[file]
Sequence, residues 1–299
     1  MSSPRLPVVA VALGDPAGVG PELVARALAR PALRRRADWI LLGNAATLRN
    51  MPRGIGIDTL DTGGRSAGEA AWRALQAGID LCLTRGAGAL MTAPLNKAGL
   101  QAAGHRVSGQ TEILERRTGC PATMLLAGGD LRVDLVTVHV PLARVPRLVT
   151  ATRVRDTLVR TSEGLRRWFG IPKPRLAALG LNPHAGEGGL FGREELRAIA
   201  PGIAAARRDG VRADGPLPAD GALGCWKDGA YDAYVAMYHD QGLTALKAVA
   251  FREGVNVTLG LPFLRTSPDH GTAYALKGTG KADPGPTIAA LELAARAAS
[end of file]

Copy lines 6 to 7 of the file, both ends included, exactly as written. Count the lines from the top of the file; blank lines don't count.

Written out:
   201  PGIAAARRDG VRADGPLPAD GALGCWKDGA YDAYVAMYHD QGLTALKAVA
   251  FREGVNVTLG LPFLRTSPDH GTAYALKGTG KADPGPTIAA LELAARAAS